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Summary: This is the third sermon in the series, "Becoming A Contagious Congregation, A Study of the Church at Antioch".

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Ever wonder why the disciples were first called Christians at Antioch?

We’ve already learned in the first two sermons in this series that Antioch was a Spirit-filled, praying, good news-sharing, missions-minded body of believers displaying evidence of God’s power and grace in their midst.

They were such a contagious congregation that twice Luke mentions the great response they received to sharing the Good News:

Acts 11:21 - "And a great number believed and turned to the Lord."

Acts 11:24b - "...and much people was added to the Lord."

I want you to pay special attention to their pastor, Barnabas.

Let me remind you that the church at Antioch was not started by an apostle or any other official from the church in Jerusalem. Men from Cyprus and Cyrene began announcing the good news to the Greeks in Antioch. (Acts 11:20) They were not formal preachers. In fact, the Greek word Luke uses for "preaching" in verse 20, is not the word for a formal talk or sermon. It is the word from which we derive the English word, "evangelize", which literally means "to share the good news".

Once they started sharing the Good News people started believing in Jesus, the church grew, and they needed leadership. The church at Jerusalem heard that a lot of people were becoming Christ followers at Antioch so they sent Barnabas to encourage and teach them.

Barnabas was filled with the Holy Spirit and faith (Acts 11:24). We covered that in the first sermon in this series. He was a remarkable example of church leadership.

The first thing Barnabas did when he got to Antioch and saw God’s hand at work there was to exhort them. (Acts 11:23) The word "exhort" literally means "to call near". In Greek it is "parakaleo". Some of you will notice this is the root word for the name Jesus gave the Holy Spirit in John 14:16,26; 15:26; & 16:7. In the English this title for the Holy Spirit has been translated, "the Comforter". That gives us some idea of what "exhortation" is all about.

But exhortation is not just about comforting someone. It does involve encouragement, but it also includes calling on someone to pursue a certain course of conduct. This is what the Holy Spirit does, and he has gifted certain people in the church, men and women, to help Him in this task.

Barnabas had the spiritual gift of exhortation and he used it wisely. When he arrived at Antioch and saw all the new Christians he began calling on them to follow a certain course of action, "that with purpose of heart they would cleave unto the Lord". (Acts 11:23)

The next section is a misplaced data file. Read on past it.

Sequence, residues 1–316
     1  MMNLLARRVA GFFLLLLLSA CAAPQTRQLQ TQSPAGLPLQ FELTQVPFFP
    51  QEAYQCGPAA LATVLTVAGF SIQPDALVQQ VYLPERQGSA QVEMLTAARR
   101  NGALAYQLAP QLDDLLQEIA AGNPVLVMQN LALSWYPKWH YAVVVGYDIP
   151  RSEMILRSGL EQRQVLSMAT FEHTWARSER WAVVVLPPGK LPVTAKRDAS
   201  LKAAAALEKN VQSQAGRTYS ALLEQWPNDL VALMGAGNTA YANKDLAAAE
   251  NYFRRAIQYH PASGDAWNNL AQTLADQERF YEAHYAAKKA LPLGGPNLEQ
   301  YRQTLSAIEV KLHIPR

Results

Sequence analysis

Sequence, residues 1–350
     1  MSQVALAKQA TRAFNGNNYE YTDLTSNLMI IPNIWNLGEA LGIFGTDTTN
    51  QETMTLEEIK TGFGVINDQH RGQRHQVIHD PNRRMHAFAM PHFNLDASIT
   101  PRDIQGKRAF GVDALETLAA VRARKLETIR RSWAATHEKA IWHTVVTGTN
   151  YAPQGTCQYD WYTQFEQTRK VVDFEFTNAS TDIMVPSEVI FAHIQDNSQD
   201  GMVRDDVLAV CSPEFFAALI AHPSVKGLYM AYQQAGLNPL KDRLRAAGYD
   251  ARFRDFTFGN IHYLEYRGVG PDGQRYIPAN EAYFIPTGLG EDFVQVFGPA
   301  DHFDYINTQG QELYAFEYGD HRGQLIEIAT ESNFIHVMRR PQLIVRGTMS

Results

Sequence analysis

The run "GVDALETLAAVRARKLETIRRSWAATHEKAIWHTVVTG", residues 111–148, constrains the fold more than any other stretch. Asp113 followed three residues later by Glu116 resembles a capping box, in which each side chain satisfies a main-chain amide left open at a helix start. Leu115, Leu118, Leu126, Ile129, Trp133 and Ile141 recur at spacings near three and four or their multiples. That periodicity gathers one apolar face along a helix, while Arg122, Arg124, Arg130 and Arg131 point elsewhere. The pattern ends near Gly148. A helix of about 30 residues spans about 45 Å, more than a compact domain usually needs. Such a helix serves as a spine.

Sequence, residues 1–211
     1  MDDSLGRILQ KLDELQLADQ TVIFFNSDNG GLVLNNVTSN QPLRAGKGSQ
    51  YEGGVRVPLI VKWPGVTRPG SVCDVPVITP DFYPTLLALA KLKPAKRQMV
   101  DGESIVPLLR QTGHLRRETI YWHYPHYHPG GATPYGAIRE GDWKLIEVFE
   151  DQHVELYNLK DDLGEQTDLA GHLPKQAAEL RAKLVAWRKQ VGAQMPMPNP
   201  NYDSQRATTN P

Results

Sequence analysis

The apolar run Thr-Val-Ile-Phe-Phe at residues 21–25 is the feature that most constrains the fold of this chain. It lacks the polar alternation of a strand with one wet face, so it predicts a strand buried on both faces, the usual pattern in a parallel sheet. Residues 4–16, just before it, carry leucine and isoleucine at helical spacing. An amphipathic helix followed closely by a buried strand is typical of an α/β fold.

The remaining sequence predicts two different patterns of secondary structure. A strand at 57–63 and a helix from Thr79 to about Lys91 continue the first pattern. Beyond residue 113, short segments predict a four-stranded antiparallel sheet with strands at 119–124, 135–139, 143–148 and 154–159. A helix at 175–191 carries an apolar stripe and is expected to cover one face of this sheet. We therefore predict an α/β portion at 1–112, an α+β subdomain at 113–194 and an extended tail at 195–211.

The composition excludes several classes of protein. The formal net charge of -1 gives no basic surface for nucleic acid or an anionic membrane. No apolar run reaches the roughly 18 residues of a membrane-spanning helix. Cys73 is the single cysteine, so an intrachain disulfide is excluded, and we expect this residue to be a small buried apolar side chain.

Researchers have discovered certain people are genetically destined to excel in athletics. According to their studies, the A.C.E. gene is longer in athletes than in those who are not agile, fast, or wll-coordinated in their movements. Researchers also observed that people who are born with a longer A.C.E. gene must "work out" to utilize their hereditary advantage.

When we decide to become a Christ follower we receive the Holy Spirit. We now have the power to say no to sin and yes to righteousness. But as with those genetically predisposed to athletic success, we must "work out".

Exhorters in the church, like Barnabas, are what I like to think of as our "personal trainers". They instruct and encourage us to follow a certain course of action that will lead to spiritual success.

I believe the church at Antioch went on being contagious because they "worked out". They had a spiritual gym and attended faithfully. For an entire year they went through a discipleship program with Barnabas and Paul. (Acts 11:23) They allowed themselves to be exhorted.

The sad truth with a lot of Christ followers is that they won’t allow themselves to be exhorted.

One New Year’s Day, in the Tournament of Roses parade, a beautiful float suddenly sputtered and quit. It was out of gas. The entire parade was held up until someone could get a can of gas. The amusing thing was this float represented the Standard Oil Company! With its vast oil resources, its truck was out of gas.

When Christians neglect their spiritual maintenace, even though the resources are available to them, they will find themselves running out of gas.

No one can follow you if you’re out of gas. The individual believer and the church that desires to be contagious must contstantly be involved in a process of discipleship.

There’s something else about Barnabas that stands out. He didn’t hog all the attention in the church. He looked around at what needed to be done at Antioch and realized he needed a co-worker. So he set off to find Saul (Acts 11:25), known better to us as the Apostle Paul.

Much could be said about the significance of this decision on the part of Barnabas to recruit Paul as his co-pastor. It literally changed the course of church history! Barnabas and Paul became the first appointed missionaries of the Christian church (Acts 13:2). They took church planting from informal happenstance to organized planning.

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